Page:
Gulf Countries Must Improve Dismal Labor Conditions

Every year, an estimated three million people migrate to the Arabian Gulf, mostly from Asian countries, to pursue work. To many, the glittering shorelines and towering skyscrapers represent the prospects of a better life. These migrant workers are the construction laborers who built the tallest building in the world. They are the maids who care for the domestic needs of wealthy families. And they are the ones who keep the place looking shiny and new by sweeping the trash from the streets.

But even though they have been essential in building the cities that attract billions of dollars in investment, migrant workers in the wealthy Gulf countries remain invisible. Gulf states have liberalized in many ways socially and economically; however, labor standards generally remain dismal. Minimum wages are so low that they might as well be zero, working and living conditions are dreadful, and employers afford few, if any, rights to their migrant employees. If the Gulf states are serious about being modern nations admired by others around the world, it is time they get serious about ensuring labor standards for everyone in the country, regardless of citizenship or social class.  

Migrant workers in the Gulf account for the majority of workers in unskilled industries such as construction, domestic work, and service. Around 15 million workers send home $175 billion dollars in remittances each year. The fact that these workers seek opportunities abroad to provide for their families when work is not available at home is no excuse for the horrible working conditions they experience. Workers are lured into unskilled jobs where the minimum wage is as low as $163.50 per month. Even in a skilled position, a worker could expect to only make double that amount. Many work 12 hours a day in 100-plus degree desert heat.

Pressure on the Gulf states has risen, and will likely continue to do so, in light of recent bids to host international institutions and events. Many rights groups have questioned whether the Gulf should be able to host high-profile international competitions like the World Cup and Olympics if these states deny rights and standards to workers.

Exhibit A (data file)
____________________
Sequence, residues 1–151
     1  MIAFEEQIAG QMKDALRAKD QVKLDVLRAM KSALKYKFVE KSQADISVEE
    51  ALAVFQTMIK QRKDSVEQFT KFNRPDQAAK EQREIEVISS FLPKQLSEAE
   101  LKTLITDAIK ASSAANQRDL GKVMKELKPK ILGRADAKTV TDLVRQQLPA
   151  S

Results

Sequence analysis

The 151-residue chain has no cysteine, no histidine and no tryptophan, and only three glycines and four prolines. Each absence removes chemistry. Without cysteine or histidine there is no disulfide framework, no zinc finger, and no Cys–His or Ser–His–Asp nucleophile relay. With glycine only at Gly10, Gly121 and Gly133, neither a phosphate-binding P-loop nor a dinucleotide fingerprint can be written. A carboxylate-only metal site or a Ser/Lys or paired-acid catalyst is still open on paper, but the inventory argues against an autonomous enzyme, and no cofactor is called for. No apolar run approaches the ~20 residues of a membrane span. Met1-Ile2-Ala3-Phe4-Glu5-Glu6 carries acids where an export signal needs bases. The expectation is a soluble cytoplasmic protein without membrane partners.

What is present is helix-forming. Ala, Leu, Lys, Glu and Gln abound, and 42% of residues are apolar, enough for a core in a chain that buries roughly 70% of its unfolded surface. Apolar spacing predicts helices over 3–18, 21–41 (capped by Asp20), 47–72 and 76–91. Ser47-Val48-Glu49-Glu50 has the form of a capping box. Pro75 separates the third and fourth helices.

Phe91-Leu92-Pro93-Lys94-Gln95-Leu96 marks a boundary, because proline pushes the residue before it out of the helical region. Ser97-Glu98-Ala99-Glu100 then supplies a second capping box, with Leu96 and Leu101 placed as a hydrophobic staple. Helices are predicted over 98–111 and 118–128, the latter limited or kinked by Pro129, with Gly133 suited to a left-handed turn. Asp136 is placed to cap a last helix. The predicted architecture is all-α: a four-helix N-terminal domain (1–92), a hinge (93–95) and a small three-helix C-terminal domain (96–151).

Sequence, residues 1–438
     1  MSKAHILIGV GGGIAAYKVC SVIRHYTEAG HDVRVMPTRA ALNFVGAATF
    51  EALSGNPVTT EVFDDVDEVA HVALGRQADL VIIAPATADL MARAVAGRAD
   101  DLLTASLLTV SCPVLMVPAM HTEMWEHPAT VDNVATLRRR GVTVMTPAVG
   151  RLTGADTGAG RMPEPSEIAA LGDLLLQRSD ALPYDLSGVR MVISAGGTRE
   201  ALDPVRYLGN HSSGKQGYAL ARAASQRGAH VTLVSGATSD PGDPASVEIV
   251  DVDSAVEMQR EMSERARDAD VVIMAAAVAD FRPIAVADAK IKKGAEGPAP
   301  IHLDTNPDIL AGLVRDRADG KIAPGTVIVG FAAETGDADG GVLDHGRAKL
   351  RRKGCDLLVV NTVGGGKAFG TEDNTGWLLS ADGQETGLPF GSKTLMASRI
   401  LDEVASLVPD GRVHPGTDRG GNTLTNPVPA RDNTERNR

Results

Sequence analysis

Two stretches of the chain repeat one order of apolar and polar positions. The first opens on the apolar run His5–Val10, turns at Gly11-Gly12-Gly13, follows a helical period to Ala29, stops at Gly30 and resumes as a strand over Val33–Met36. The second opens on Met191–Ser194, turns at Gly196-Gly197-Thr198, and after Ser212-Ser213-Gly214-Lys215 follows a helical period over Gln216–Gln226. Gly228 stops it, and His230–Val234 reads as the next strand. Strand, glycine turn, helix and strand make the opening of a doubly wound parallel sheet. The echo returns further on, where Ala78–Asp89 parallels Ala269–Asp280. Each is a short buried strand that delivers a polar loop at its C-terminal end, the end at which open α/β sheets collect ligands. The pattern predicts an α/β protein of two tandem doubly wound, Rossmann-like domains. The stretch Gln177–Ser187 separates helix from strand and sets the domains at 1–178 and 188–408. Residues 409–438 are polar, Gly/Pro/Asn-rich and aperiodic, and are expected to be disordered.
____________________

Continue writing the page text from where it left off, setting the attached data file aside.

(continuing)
Labor groups have recently launched a campaign, “No World Cup in Qatar without labour rights” in an effort to pressure FIFA to ensure that workers’ rights are protected for those enlisted to build Qatar’s nine stadiums for the 2022 World Cup. Sharron Burrow, general secretary of the International Trade Union Confederation said, “If they want to be part of the global community and the global economy they have to treat people with the dignity and respect of fundamental rights.”

Qatar is not alone in being criticized for poor labor standards. Earlier this year, artists pledged to boycott the Guggenheim Abu Dhabi if conditions and labor standards were not raised at the site. The outcry came in response to reports of poor conditions at the site, including unsafe working conditions and arbitrary withholding of workers’ wages. These are only a few of the many grievances workers face from UAE employers, who often mischaracterize the work being recruited for, confiscate workers’ passports, and hold them in long periods of debt to repay recruitment fees.

And in Saudi Arabia, migrant domestic workers have reported numerous cases of abuse at the hands of their employers. Beatings and sexual abuse occur behind closed doors in private homes, and the workers are afforded few to no avenues for redress in the system. Workers in Saudi Arabia, both in the domestic care and construction industries, have also fallen victim to harsh measures within the Saudi legal system. In one case, an Indonesian maid was beheaded for killing her employer, who she said was abusing her. In another, eight Bengali men were publicly beheaded for killing an Egyptian man. According to Amnesty International, migrant workers who are indicted often have no defense lawyer or interpreter for legal proceedings in Arabic.

Migrant laborers have built the buildings that now rise thousands of feet above the Arabian desert, have cared for the families that govern them, and have cleaned up after their tourists. It is past time that Gulf governments afford these workers the labor standards that humanity deserves.

Photo Credit: thetravelguru

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Karen Lickteig

Karen Lickteig works at the Middle East Studies Center at Portland State University in Portland, Oregon. She has studied International Affairs, Middle East Studies, and Arabic language at PSU, Lewis & Clark College, Georgetown, and the American University in Dubai. She spent nine months in the Arabian Gulf, primarily in Dubai, also traveling to Bahrain, Oman, and Jordan. Her experience in the Gulf was further enhanced by concurrent internships in the summer of 2011 with the Sultan Qaboos Omani Cultural Center and the US-Qatar Business Council, both in Washington, D.C. Karen is interested in International Issues, Middle East, the Arabian Gulf, Islam, and the Arab Spring. She grew up in Wichita, Kansas, and has an insatiable desire to see the world beyond America.

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